In 1963, a man in the Nevşehir Province of Turkey knocked down a wall of his home, and behind it, he discovered a mysterious room. This room led to a tunnel which led to an incredible discovery: the ancient underground city of Derinkuyu. This underground city is neither the largest nor oldest, but its 18 stories make it the deepest. Extending to a depth of approximately 60 m (200 feet), it is large enough to have sheltered approximately 20,000 people together with their livestock and food stores.
It was most likely used as a giant bunker to protect its inhabitants from either war or natural disaster and could be closed from the inside with large stone doors and each floor could be closed off separately. The elaborate subterranean network included discrete entrances, ventilation shafts, wells, and connecting passageways. It remained hidden for centuries.
Unique to the Derinkuyu complex and located on the second floor is a spacious room with a barrel vaulted ceiling. Between the third and fourth levels is a vertical staircase. This passageway leads to a cruciform church on the lowest (fifth) level. The large 55 m (180 foot) ventilation shaft appears to have been used as a well. The shaft also provided water to both the villagers above and, if the outside world was not accessible, to those in hiding. It had access to fresh flowing water — the wells were not connected with the surface to prevent poisoning by crafty land dwellers. It also has individual quarters, shops, communal rooms, tombs, arsenals, livestock, and escape routes. There’s even a school, complete with a study room.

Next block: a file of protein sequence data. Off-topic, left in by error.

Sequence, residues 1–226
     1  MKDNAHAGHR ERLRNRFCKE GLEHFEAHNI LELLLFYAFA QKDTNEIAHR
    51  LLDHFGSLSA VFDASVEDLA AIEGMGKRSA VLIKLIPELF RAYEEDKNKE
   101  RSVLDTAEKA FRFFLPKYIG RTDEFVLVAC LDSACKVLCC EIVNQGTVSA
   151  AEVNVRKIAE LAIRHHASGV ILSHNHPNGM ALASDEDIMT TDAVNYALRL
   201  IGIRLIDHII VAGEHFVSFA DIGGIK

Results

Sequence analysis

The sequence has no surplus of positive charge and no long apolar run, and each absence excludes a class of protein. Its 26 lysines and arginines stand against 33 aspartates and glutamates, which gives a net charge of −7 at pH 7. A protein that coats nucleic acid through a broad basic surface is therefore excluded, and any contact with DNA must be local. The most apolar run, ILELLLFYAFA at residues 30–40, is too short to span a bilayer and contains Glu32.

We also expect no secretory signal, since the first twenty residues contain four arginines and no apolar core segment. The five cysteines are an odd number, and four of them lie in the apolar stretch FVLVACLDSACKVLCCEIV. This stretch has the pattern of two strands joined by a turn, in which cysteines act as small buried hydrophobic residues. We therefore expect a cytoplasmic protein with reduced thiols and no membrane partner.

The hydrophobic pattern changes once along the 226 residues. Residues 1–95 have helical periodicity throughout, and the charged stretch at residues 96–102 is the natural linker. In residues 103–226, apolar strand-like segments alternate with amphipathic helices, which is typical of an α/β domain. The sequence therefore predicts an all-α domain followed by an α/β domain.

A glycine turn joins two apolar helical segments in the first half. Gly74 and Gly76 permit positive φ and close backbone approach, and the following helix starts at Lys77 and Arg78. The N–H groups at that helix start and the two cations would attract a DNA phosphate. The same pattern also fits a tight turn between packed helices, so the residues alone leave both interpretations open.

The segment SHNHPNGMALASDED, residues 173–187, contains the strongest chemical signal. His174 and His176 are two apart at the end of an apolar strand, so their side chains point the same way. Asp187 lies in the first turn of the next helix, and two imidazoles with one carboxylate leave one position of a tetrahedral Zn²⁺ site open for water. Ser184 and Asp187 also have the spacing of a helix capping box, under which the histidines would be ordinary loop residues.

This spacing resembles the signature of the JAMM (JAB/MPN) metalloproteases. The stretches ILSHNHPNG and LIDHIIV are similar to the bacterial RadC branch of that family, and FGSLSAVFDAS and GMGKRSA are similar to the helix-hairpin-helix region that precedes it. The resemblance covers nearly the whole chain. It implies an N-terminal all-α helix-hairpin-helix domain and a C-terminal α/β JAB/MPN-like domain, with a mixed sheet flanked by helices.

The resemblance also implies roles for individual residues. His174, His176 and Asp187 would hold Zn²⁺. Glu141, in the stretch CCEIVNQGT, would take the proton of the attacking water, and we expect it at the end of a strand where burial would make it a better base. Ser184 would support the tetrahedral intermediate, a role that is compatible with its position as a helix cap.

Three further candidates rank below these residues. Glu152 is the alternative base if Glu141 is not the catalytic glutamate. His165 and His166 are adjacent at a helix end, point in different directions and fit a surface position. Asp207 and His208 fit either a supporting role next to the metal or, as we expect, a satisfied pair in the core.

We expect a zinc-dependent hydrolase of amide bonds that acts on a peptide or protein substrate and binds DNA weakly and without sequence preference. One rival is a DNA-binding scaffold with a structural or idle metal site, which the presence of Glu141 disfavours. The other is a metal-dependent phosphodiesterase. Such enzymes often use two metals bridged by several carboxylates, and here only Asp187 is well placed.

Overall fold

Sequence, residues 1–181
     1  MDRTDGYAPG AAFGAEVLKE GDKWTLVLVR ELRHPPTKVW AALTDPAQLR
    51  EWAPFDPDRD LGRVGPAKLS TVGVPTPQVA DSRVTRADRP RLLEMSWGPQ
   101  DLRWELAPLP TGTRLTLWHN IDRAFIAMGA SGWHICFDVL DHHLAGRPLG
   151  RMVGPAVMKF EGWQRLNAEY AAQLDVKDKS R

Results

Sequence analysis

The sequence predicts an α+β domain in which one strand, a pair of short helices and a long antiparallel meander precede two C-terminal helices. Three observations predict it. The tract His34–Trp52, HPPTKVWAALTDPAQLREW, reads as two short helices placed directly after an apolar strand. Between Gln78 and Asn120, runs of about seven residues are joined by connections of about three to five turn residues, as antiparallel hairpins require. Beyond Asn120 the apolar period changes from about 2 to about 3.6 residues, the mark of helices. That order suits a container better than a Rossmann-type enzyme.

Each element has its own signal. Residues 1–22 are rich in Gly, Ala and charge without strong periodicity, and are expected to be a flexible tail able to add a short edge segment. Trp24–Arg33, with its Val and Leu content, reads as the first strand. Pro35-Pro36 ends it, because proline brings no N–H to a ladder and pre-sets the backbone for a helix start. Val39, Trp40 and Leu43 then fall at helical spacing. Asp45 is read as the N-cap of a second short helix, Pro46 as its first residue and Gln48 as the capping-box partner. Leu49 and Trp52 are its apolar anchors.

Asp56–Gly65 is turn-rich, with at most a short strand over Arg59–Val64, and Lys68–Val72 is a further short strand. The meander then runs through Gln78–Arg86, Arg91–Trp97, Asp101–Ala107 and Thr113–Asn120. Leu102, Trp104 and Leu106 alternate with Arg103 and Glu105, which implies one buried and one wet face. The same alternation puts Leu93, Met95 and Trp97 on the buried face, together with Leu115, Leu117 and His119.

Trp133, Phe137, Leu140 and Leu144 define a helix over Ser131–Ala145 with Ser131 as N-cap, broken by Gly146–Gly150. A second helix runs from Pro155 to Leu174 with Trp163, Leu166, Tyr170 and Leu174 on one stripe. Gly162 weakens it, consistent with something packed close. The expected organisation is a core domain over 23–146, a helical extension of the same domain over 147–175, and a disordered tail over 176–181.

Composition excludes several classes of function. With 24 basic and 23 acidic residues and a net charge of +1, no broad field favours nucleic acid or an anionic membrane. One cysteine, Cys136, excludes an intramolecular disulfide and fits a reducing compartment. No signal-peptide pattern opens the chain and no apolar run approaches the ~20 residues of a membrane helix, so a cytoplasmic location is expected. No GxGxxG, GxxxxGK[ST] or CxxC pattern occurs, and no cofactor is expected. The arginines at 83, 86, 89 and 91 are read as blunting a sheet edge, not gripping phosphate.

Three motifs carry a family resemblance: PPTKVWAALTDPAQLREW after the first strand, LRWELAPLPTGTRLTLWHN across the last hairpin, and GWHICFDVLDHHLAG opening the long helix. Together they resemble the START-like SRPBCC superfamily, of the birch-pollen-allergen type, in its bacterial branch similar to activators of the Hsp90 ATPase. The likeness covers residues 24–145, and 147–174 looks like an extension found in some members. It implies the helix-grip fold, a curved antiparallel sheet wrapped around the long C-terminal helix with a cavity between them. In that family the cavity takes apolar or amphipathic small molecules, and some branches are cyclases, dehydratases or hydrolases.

The city at Derinkuyu was fully formed in the Byzantine era, when it was heavily used as protection from Muslim Arabs during the Arab–Byzantine wars (780-1180). The city was connected with other underground cities through miles of tunnels. Some artifacts discovered in these underground settlements belong to the Middle Byzantine Period, between the 5th and the 10th centuries A.D. These cities continued to be used by the Christian natives as protection from the Mongolian incursions of Timur in the 14th century.
After the region fell to the Ottomans, the cities were used as refuges (Cappadocian Greek: καταφύγια) from the Turkish Muslim rulers. As late as the 20th century the locals, called Cappadocian Greeks, were still using the underground cities to escape periodic waves of Ottoman persecution. R. M. Dawkins, a Cambridge linguist who conducted research on the Cappadocian Greek natives in the area from 1909-1911, recorded that in 1909, “when the news came of the recent massacres at Adana, a great part of the population at Axo took refuge in these underground chambers, and for some nights did not venture to sleep above ground.” When the Christian inhabitants of the region were expelled in 1923 in the Population exchange between Greece and Turkey the tunnels were abandoned.
It was opened to visitors in 1969 and about half of the underground city is currently accessible to tourists, but nothing was heard about the man who discovered it.
Photos found here